With this in mind, the Federal Circuit directed that “the first step in the Alice inquiry in this case asks whether the focus of the claims is on the specific asserted improvement in computer capabilities ([such as a] self-referential table for a computer database) or, instead, on a process that qualifies as an ‘abstract idea’ for which computers are invoked merely as a tool.”

The patents at issue were US patents 6,151,604 and 6,163,775.  A representative claim (claim 17 of the ‘604 patent) contained the following limitations:

17. A data storage and retrieval system for a computer memory, comprising:
means for configuring said memory according to a logical table, said logical table including:
a plurality of logical rows, each said logical row including an object identification number (OID) to identify each said logical row, each said logical row corresponding to a record of information;
a plurality of logical columns intersecting said plurality of logical rows to define a plurality of logical cells, each said logical column including an OID to identify each said logical column; and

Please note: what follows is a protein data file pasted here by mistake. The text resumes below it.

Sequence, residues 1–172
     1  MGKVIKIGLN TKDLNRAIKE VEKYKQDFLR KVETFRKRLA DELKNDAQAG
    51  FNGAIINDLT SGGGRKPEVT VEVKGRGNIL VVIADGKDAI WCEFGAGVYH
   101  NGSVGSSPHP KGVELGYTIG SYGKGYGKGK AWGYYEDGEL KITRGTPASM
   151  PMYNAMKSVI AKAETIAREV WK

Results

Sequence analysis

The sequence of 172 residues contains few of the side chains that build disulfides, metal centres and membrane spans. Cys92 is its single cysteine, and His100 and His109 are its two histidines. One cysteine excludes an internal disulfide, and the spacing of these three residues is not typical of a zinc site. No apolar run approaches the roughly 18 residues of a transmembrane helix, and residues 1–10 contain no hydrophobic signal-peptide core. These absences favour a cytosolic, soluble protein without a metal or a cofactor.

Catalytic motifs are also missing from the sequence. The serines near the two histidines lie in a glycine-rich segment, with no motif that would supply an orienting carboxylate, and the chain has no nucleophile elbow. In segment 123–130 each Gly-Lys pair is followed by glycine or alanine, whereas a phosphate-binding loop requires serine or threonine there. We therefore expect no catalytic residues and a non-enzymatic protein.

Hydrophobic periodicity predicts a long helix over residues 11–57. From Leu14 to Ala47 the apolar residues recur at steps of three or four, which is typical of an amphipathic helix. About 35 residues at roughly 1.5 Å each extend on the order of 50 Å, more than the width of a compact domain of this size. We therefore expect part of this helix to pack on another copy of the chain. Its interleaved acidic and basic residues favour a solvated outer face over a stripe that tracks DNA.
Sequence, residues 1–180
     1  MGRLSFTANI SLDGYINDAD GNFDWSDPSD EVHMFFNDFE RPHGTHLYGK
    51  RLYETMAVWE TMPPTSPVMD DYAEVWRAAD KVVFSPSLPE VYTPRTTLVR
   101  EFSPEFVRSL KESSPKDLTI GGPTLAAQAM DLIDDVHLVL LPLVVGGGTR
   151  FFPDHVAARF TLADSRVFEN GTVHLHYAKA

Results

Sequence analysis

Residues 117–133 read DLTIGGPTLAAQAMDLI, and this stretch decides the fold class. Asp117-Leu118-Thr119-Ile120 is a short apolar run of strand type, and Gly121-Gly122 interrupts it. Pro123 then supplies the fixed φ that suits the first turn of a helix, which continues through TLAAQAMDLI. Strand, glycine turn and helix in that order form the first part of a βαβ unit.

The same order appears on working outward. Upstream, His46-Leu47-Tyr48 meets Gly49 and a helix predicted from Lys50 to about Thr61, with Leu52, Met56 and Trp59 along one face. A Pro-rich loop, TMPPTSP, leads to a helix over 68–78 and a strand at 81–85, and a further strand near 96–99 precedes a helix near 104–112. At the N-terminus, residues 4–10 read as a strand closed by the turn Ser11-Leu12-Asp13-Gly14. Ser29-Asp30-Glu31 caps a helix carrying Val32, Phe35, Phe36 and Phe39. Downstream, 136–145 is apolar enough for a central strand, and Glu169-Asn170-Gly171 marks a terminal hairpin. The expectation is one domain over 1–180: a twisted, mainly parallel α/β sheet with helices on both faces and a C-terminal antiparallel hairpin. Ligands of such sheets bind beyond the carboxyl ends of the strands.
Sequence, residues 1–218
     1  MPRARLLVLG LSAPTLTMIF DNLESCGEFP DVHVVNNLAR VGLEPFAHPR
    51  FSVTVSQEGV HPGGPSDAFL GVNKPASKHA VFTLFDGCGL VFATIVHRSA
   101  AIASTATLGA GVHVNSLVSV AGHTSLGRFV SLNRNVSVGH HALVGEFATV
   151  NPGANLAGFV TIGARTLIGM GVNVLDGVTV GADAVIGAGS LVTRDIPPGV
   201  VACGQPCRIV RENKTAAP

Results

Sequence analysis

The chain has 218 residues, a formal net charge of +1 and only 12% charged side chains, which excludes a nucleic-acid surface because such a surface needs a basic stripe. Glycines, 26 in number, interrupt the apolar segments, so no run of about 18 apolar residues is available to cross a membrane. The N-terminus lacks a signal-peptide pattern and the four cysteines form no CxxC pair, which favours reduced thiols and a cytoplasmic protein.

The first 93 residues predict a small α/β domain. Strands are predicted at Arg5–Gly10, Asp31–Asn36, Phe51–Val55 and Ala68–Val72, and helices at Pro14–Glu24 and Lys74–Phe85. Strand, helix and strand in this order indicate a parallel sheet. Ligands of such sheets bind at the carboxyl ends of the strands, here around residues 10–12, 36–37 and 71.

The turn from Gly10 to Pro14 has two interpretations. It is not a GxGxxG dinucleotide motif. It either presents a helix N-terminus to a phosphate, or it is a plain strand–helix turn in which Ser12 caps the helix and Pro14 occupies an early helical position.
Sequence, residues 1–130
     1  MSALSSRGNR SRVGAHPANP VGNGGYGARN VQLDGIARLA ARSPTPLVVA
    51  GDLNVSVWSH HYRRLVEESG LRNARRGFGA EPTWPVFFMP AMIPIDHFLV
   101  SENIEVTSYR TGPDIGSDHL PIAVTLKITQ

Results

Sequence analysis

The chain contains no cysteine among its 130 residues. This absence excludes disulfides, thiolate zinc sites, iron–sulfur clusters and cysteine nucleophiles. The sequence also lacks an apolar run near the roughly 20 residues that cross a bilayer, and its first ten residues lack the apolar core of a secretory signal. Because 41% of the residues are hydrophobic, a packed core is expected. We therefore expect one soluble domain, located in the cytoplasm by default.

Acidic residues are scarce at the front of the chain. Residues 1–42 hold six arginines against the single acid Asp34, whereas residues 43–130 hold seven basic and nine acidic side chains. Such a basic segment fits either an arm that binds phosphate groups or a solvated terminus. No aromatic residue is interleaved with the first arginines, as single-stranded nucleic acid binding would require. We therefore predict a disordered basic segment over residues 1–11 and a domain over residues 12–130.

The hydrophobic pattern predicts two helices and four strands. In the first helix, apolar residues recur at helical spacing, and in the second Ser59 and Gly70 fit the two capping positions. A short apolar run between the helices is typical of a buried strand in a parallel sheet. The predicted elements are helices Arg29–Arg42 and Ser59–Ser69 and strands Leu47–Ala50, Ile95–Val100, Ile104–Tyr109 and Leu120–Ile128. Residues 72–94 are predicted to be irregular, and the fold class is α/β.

means for indexing data stored in said table.

Because the claim involved a specific structure of a logical table in a database, and were “not simply directed to any form of storing tabular data, but instead are directed to a self-referential table for a computer database,” the court found that the claims were directed to an improvement in the functioning of a computer.

[A summary of all of post-Alice Federal Circuit, U.S. District Court, and Patent Trial and Appeals Board decisions that found computer-related patent claims to be patent-eligible is available at this post on IP Spotlight.]

India Patent Office: No patent if invention is merely software

After months of deliberation, India’s Patent Office has issued new guidelines that firmly maintain the country’s practice of not granting patents for software inventions. Issued February 19, 2016, the new Guidelines for Examination of Computer Related Inventions put to rest the country’s recent debate over whether software can be patentable if it has industrial applicability.

India’s patent law does not define or use the term “software,” but it does say that “a mathematical or business method or a computer programme per se or algorithms” are excluded from patentability, as is “a presentation of information.” However, during the past year, the Patent Office began to interpret this exclusion narrowly by stating that software could be patentable if it is applicable to a particular industry.

The new Guidelines reject that notion and direct examiners to apply a three-part test when examining claims for computer-related inventions:

  1. Properly construe the claim and identify the actual contribution;
  2. If the contribution lies only in mathematical method, business method or algorithm, deny the claim;